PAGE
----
Category Archives: Horse Stories

27-Year-Old Horse Completes 100 Mile Endurance Race, Setting A Record






BY ANDREA POWELL

Claire Godwin, DVM, of Laytonsville, Maryland, just broke another record with her 27-year-old horse, PL Mercury. The 14-hand Arabian Gelding broke his own record to remain the oldest horse to complete the 100 Mile Tevis Cup, one of the toughest endurance courses in the world. This is an amazing accomplishment for any horse, but for a senior horse it is inspiring.

Many people think that once a horse passes the age of 20, their careers are fading. However, Mercury, goes by Merc, is just one of the seniors defying that. He continues to improve and beat his time from years before. The Tevis Cup is held annually in California. The 100 mile race is testing and many do not complete it. This year 149 horses started with only 64 completing.

The pair completed the race in 17 hours, 18 minutes, which is four hours and 19 minutes shorter than their 2017 time. They finished in 13th place. Godwin is so impressed by Merc and never imagined when she purchased him all those years ago that he would be an endurance horse.

She tells The Horse, “He doesn’t have perfect conformation; no horse does. But he does have a short back, really good bone, and size 1 feet. He is relaxed and not a real dependent horse, although he does really like his pasturemate, Ahmose.”

Originally, Godwin went to purchase Merc as a well-mannered horse for her kids. However, he possessed the stamina and speed to compete. With his level mind and sweet demeanor, many people have ridden Merc that are just getting into endurance racing. All the previous years, other riders rode Merc in the Tevis, but this year Godwin rode him for the record.

Merc stays in impeccable shape by resting. That may sound weird, but Godwin says you do not need to ride everyday. For two to three months in the winter Merc is turned out 24/7 just to be a horse. When it is time to train again, she will pony him with another horse to track some miles in the mountains. This saves his aging back from the added weight.


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WHY DOGS LIVE LESS THAN HUMANS






I’ve read this before… but still love it.  I found this courtesy of  Bill Overton

 WHY DOGS LIVE LESS THAN HUMANS

Here’s the surprising answer of a 6 year old child.

Being a veterinarian, I had been called to examine a ten-year-old Irish Wolfhound named Belker. The dog’s owners, Ron, his wife Lisa, and their little boy Shane, were all very attached to Belker, and they were hoping for a miracle.

I examined Belker and found he was dying of cancer. I told the family we couldn’t do anything for Belker, and offered to perform the euthanasia procedure for the old dog in their home.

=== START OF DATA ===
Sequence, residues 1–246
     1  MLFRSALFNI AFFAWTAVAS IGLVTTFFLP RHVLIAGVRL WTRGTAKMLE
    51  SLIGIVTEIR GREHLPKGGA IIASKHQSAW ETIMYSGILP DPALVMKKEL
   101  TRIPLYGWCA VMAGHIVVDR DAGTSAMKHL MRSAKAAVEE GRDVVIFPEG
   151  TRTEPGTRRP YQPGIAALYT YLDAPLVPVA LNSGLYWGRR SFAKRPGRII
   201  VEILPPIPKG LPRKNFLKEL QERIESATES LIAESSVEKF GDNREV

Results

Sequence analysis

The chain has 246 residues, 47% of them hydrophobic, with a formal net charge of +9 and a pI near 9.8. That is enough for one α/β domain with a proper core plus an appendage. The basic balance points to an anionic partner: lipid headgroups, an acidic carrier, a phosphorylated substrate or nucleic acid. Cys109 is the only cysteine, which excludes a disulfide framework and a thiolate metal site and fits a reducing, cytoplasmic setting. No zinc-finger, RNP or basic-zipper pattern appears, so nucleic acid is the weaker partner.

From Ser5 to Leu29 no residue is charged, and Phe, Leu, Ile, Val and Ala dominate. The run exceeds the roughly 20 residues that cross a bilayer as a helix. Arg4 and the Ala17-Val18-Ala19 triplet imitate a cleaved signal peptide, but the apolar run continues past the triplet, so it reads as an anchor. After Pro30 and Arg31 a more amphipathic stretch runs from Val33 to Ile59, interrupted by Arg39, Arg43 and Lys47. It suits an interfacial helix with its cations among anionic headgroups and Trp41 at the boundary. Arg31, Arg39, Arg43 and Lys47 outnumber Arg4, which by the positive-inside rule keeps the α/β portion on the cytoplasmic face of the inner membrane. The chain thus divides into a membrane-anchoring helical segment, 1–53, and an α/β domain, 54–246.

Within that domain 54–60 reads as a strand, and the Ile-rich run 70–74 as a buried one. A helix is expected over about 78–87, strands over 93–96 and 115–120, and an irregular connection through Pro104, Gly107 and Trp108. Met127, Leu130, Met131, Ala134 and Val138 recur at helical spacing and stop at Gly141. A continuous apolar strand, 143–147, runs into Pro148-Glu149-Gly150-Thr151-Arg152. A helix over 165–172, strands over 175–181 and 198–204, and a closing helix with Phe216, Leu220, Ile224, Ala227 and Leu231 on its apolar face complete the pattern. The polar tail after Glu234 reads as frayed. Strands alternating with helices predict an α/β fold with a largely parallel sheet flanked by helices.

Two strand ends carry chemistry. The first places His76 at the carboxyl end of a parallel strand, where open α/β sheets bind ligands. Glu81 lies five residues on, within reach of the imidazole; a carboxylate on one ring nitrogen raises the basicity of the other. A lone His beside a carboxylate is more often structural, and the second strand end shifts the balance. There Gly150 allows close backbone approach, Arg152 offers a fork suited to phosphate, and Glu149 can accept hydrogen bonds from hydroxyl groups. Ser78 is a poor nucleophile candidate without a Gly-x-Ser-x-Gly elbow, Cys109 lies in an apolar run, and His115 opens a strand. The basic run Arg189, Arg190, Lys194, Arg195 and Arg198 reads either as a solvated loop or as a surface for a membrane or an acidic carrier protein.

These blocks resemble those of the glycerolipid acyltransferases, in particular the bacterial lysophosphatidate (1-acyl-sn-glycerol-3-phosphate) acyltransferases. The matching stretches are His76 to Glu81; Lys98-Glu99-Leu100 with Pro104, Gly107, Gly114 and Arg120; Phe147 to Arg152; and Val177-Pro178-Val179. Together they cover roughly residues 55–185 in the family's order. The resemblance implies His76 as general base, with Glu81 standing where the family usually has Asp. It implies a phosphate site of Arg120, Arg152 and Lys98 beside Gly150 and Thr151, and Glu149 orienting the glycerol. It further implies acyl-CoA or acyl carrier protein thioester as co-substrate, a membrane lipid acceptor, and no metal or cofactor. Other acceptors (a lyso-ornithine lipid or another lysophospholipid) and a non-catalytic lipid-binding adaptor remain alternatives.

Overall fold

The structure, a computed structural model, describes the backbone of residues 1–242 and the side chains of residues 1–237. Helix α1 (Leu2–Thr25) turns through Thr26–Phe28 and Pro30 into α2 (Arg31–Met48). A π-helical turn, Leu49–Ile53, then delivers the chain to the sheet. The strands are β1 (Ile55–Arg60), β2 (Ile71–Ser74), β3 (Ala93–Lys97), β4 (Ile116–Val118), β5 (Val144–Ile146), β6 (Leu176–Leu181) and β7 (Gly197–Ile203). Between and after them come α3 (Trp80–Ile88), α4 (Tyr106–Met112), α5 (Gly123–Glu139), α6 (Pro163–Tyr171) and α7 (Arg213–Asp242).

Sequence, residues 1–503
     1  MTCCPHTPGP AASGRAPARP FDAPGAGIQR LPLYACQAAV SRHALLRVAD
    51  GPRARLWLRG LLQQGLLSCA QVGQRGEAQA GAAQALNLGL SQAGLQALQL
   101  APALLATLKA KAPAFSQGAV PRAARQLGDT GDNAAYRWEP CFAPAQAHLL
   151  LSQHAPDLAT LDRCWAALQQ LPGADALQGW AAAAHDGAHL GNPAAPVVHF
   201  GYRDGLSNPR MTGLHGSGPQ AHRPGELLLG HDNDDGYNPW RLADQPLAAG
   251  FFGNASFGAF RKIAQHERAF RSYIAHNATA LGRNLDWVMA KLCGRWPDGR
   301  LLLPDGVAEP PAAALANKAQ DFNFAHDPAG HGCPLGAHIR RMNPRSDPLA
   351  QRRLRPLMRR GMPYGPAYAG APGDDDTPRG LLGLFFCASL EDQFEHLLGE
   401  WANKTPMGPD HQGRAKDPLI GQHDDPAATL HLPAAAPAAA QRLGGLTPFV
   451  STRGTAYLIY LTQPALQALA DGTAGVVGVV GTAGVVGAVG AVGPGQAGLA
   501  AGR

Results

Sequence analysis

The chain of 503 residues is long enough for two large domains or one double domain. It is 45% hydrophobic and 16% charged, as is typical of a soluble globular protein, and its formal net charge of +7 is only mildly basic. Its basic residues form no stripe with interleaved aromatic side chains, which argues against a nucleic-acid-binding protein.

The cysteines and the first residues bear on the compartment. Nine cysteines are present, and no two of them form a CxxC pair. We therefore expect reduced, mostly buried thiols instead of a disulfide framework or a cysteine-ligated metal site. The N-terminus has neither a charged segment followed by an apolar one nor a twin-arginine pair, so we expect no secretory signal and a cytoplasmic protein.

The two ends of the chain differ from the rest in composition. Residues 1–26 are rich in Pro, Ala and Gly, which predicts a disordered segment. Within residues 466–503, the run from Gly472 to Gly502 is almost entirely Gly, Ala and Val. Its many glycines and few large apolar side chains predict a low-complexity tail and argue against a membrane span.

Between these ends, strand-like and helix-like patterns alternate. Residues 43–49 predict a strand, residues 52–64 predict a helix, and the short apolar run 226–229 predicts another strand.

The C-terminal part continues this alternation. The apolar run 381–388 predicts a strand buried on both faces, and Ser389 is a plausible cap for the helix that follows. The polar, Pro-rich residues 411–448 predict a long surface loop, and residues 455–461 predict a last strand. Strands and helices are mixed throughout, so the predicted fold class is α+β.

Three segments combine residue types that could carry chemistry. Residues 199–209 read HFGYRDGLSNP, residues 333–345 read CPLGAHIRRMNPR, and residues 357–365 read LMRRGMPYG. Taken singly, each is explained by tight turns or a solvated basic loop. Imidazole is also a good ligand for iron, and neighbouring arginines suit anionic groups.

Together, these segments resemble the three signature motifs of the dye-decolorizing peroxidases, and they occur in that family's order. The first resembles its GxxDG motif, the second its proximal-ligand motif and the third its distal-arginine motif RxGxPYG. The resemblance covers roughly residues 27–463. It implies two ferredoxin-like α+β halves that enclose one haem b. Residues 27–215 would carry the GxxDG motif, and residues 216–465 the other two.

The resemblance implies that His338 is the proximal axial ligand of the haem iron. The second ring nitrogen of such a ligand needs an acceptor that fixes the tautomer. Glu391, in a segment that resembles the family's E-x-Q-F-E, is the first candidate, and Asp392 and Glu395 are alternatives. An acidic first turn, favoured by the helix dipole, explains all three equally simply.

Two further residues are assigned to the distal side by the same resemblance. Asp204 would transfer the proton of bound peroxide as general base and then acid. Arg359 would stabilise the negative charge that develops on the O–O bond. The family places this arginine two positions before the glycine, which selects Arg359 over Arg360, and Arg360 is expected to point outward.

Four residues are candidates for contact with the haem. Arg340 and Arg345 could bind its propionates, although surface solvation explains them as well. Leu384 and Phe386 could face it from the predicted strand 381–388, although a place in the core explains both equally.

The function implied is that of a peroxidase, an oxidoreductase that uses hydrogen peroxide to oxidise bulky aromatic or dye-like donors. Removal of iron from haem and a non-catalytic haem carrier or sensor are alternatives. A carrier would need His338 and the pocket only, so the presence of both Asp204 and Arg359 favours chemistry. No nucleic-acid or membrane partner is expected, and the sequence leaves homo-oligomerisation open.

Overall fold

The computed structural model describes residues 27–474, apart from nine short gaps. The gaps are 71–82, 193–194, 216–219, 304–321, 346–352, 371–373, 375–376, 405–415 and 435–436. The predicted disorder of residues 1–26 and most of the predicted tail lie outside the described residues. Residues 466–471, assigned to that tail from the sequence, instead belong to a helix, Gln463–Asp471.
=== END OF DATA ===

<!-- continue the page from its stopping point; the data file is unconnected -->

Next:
As we made arrangements, Ron and Lisa told me they thought it would be good for six-year-old Shane to observe the procedure. They felt as though Shane might learn something from the experience.

The next day, I felt the familiar catch in my throat as Belker‘s family surrounded him. Shane seemed so calm, petting the old dog for the last time, that I wondered if he understood what was going on. Within a few minutes, Belker slipped peacefully away.

The little boy seemed to accept Belker’s transition without any difficulty or confusion. We sat together for a while after Belker’s Death, wondering aloud about the sad fact that dogs’ lives are shorter than human lives. Shane, who had been listening quietly, piped up, ”I know why.”

Startled, we all turned to him. What came out of his mouth next stunned me. I’d never heard a more comforting explanation. It has changed the way I try and live.

He said, ”People are born so that they can learn how to live a good life — like loving everybody all the time and being nice, right?” The six-year-old continued,

”Well, dogs already know how to do that, so they don’t have to stay for as long as we do.”

Live simply.
Love generously.
Care deeply.
Speak kindly.

Remember, if a dog was the teacher you would learn things like:

• When your loved ones come home, always run to greet them.
• Never pass up the opportunity to go for a joyride.
• Allow the experience of fresh air and the wind in your face to be pure Ecstasy.
• Take naps.
• Stretch before rising.
• Run, romp, and play daily.
• Thrive on attention and let people touch you.
• Avoid biting when a simple growl will do.
• On warm days, stop to lie on your back on the grass.
• On hot days, drink lots of water and lie under a shady tree.
• When you’re happy, dance around and wag your entire body.
• Delight in the simple joy of a long walk.
• Be faithful.
• Never pretend to be something you’re not.
• If what you want lies buried, dig until you find it.
• When someone is having a bad day, be silent, sit close by, and nuzzle them gently.

That’s the secret of happiness that we can learn from a good dog.

No photo description available.

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